GNOME 3 transition happening in Debian unstable

The few articles I wrote that explained how to install GNOME 3 from Debian experimental have been very popular. So I figured out that a small update would be welcome.

The Debian GNOME team started uploading a mix of GNOME 3.0 and 3.2 packages to Debian unstable because the release team is ready to take care of this transition. This means that as soon as the packages are ready in Debian unstable, the release team will ensure that they also reach wheezy (aka the current testing distribution).

So if you’re a Debian unstable/testing user with a GNOME Desktop, expect some important changes… by the way my experience with GNOME 3 was recently plagued by some rendering issues resulting in parts of the screen not being properly refreshed. While trying to track this down (and investigating clutter as a possible culprit) I came upon this mail on the clutter-devel mailing list. I recompiled mutter with the indicated patch and it fixed my issue. I immediately uploaded mutter 3.0.2.1-4 with the fix… so this issue should be gone for the many people who are going to experience GNOME 3 for the first time in the coming days.

It’s also worth noting that contrary to how upstream handles it (they hide the fallback mode and the user has to enable an option to use it in place of the GNOME Shell), Debian has a dedicated session for the GNOME 3 fallback mode so you decide what you get right from the login screen. This will be appreciated by the people who do not see GNOME 3 as a step in the right direction. Unless they switch to XFCE as some did.

As far I am concerned, I’m already used to GNOME 3. I spend most of my time in terminals, browsers and an IRC application and the whole Shell does not fundamentally changes my work habits.

5 reasons why Debian Unstable does not deserve its name

Debian Unstable (also known as sid) is one of the 3 distributions that Debian provides (along with Stable and Testing).

It’s not conceived as a product for end-users, instead it’s the place where contributors are uploading newer packages. Daily. Yes that means that Unstable is a quickly moving target and it’s not for everybody. But you can use it and your computer won’t explode.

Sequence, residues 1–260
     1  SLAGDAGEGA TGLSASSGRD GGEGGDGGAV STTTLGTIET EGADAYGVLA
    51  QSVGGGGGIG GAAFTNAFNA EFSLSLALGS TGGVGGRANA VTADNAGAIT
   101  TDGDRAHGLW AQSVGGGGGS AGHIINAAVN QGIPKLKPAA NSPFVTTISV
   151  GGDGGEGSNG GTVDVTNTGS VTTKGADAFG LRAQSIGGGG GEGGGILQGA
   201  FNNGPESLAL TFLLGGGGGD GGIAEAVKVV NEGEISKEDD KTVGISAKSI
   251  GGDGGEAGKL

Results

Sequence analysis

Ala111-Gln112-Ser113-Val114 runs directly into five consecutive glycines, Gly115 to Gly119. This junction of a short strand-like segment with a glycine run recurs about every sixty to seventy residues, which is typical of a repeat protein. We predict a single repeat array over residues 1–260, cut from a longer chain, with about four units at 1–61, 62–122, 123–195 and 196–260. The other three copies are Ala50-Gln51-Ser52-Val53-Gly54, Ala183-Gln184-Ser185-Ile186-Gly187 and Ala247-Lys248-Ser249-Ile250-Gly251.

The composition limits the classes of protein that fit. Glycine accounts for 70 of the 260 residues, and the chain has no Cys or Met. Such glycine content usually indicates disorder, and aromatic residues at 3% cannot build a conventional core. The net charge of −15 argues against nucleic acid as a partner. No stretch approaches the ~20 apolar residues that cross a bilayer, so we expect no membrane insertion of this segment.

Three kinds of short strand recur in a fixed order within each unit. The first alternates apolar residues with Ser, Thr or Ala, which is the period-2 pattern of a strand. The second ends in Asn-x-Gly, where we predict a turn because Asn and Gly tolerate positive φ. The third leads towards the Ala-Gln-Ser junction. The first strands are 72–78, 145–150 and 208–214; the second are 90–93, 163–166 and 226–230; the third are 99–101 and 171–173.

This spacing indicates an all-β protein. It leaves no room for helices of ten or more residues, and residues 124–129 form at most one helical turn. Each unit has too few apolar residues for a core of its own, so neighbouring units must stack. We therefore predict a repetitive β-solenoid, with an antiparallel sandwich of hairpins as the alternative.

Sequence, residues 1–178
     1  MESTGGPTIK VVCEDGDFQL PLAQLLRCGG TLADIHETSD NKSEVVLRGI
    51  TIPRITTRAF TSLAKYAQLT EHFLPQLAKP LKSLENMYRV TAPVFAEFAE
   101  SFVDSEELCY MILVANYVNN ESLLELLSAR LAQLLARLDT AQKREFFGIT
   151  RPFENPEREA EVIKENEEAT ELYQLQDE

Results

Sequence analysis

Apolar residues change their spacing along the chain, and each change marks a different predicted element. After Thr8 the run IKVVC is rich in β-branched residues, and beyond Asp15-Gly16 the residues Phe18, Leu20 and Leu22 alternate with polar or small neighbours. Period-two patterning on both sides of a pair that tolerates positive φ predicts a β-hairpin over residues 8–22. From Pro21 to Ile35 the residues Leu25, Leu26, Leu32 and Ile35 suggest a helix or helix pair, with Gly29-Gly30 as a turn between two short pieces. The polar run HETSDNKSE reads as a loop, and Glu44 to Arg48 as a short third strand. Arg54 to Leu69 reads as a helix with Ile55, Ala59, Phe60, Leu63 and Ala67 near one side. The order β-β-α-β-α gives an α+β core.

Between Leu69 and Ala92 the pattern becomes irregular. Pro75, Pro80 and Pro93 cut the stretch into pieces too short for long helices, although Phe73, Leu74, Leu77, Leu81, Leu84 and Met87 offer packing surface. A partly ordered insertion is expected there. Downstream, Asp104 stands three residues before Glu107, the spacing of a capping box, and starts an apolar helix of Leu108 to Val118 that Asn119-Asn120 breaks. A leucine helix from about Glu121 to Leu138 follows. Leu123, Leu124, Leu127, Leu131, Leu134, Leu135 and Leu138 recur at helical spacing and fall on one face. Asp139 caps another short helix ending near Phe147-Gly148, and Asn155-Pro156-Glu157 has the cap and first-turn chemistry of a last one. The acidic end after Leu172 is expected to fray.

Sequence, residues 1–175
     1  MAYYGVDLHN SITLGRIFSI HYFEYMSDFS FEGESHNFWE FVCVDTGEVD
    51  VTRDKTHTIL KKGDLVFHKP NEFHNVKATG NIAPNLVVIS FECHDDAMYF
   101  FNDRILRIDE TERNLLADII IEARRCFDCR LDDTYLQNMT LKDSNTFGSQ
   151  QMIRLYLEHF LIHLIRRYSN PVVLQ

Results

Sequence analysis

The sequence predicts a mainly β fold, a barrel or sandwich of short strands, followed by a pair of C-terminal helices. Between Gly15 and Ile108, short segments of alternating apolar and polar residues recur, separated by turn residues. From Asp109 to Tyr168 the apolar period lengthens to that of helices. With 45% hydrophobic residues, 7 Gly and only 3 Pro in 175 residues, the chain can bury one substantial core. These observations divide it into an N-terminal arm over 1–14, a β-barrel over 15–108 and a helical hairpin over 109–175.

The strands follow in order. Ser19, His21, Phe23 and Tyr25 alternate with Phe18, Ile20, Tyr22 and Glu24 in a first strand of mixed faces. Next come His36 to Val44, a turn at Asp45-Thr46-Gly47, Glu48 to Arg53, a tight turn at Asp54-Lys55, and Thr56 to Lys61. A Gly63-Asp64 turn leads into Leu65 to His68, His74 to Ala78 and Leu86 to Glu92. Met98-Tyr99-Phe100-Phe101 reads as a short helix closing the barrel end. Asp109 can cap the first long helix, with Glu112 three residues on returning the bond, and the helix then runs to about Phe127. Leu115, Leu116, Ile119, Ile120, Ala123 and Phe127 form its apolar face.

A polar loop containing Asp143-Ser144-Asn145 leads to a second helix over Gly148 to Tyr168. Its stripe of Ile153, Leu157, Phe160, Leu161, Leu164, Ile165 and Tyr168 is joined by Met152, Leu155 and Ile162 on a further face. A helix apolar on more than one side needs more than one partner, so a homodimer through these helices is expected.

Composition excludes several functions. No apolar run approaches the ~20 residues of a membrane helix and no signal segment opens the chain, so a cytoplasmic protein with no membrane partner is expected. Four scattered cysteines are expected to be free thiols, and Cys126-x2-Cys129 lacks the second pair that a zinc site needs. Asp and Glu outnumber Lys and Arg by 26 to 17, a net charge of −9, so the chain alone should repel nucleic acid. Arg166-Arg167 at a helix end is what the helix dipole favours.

1. It contains mainly stable versions of the software

Yes, you read it right. Unstable is not full of development versions of the various software. It happens on some software but then it’s usually a conscious decision of the maintainer who believes that this specific version is already better than the previous one.

The packages in sid are supposed to migrate to testing, the place where the next Debian stable release is prepared. So maintainers are advised to only upload stuff that is of release quality, the rest should be uploaded to experimental instead.

2. It doesn’t break badly every other day

Breakages happen but they are not a big deal usually. It has been long time since I could not reboot my computer after an upgrade or since the graphical interface was no longer working. The kind of breakages that you have is that one software stops working, or triggers an annoying bug, or that a few packages are uninstallable.

In most cases, you can save yourself by downgrading to the version available in Testing. Or by finding a work-around in the bug tracking system. Or by not upgrading because you have apt-listbugs installed and you have been warned about the problem.

3. It’s the basis of other distributions

If Debian Unstable was really so bad, it would not be a good basis to build a derivative distribution, isn’t it? But Ubuntu and SiduxAptosid (to name only two) are based on Debian Sid.

4. It’s not inherently less secure than Stable or Testing

High impact security vulnerabilities will usually be quickly fixed in Stable and Unstable. The stable upload is done by the security team while the unstable one is made by the maintainer. Testing will usually get the fix through the package uploaded to Unstable, so testing users get security updates with a delay.

For less serious vulnerabilities, it’s entirely possible that stable does not get any update at all. In that case, unstable/testing users are better served since they will get the fix with the next upstream version anyway.